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Posted: March 10th, 2014, 8:41 am
At nano level? Micro text?
Posted: March 10th, 2014, 12:50 pm
QuoteOriginally posted by: outrunQuoteOriginally posted by: CuchulainnAt nano level? Micro text?I don't understand this question. ?I'm talking about storing and retrieving bytes on a computer. You can think of that data as a high dimensional object; a set of byte vectors, each byte vector representing a point in space. The geometric struture is just an interpretation of the bytes/data to make it easier to talk about things like "low-dimensional projections".In the plot you see two complicated 3d objects. The projections on the side planes of that object give the letters GEB. For crypto storage the 3d object and the projections would be very high dimensional object, the projection very non-linear functions, and the result of those projections a noisy sets of bits which ony the secret communicators know the meaning of (it would encrypted messages). The main point is that you write different data (a 3d object) than you read (a 2d projection) The "B" projection on the floor is very interesting! It seems to depend on both 3D object, but any of them will do even though the 3D objects look very different. Two different objects map to the same B in the floor projection but to different letters in other projections.Sounds like a variant of the [l=digital sundial] or maybe a way to see the Statue of Liberty from random pictures in New York City. The questions are: 1. To write N bits into the data store, how many bits must be written or changed in the data store?2. To read those N bits from the data store, without revealing which N bits one wants, how many bits must be read from the data store?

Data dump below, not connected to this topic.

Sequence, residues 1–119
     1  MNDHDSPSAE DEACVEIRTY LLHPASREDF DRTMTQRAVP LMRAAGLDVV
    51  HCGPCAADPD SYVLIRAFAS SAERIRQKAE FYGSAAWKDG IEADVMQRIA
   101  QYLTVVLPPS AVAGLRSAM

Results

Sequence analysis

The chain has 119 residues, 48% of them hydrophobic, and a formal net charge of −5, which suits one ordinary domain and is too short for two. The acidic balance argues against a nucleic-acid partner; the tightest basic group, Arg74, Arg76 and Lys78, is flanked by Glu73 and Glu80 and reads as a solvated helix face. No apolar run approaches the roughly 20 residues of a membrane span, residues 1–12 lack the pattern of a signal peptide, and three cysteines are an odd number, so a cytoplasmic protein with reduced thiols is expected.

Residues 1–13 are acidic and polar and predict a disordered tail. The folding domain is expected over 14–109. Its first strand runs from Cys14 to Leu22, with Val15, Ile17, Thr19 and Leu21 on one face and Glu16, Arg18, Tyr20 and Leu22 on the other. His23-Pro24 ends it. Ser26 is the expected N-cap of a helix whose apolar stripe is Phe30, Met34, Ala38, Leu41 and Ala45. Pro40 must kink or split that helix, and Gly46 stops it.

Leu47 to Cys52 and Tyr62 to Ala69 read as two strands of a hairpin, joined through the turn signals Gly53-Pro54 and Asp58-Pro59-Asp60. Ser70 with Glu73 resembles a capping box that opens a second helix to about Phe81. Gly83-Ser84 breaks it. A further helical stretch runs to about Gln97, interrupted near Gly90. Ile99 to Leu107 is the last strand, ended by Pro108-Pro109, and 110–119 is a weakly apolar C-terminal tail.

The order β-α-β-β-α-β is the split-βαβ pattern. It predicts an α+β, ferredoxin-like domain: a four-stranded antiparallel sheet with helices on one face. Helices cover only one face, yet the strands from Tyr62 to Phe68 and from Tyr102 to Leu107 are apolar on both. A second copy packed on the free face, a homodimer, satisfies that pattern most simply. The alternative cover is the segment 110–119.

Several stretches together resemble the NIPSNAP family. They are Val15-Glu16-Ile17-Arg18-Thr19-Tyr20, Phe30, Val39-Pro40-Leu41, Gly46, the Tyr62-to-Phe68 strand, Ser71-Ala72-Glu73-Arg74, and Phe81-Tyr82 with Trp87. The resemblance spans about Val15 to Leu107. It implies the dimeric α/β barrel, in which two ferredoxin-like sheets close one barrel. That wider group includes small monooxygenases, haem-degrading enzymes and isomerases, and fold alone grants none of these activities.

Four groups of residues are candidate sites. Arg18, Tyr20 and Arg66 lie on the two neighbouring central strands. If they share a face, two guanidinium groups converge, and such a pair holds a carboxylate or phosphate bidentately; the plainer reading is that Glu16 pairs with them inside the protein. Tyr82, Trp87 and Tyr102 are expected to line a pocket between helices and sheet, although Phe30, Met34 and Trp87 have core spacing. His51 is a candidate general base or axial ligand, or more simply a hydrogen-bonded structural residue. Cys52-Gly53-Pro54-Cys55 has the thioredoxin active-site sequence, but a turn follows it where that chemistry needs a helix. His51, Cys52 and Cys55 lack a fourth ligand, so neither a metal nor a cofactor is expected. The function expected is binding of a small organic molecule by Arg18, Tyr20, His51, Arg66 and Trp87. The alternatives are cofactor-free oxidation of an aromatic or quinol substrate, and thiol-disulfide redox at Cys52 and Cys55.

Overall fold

Posted: March 10th, 2014, 7:17 pm
QuoteOriginally posted by: outrunThose two questions indeed determine the probability that one person it communicating with someone else. Maybe it's a good idea to express it as probabilities that A communicates with B? Maybe also start with storing a single bit? Start out simple with Venn diagrams and combinatoric stuff.I was still thinking about the difference between communicating bytes and affecting bytes. Eg suppose I send one 1 byte to the storage and that changes a parameter of a decoding algoritm, then that single byte will affect all byte being read.I also ran into this article. It's about communicating on a noisy channel without retransmission. You stop reading the noisy stream when you have enough certainly that you can decode. Something like this can be used. You can look at "deliberate wrong random obfuscating read operations" as a highly noisy channel.The noisy channel analogy is somewhat applicable except with regard to statistics over time. In a world of IID noise, the hidden signal (i.e., who is messaging whom) will become clear.The reader does NOT want to make random obfuscating read operations because that would eventually lead to their unmasking when the watcher notices that the reader is most often tapping bits written by a particular writer. If the reader consistently acts to retrieve bits written/affected by a constant set of N writers (e.g., reads the same newspaper ever day), the watcher can never decide which writer the reader is in communications with.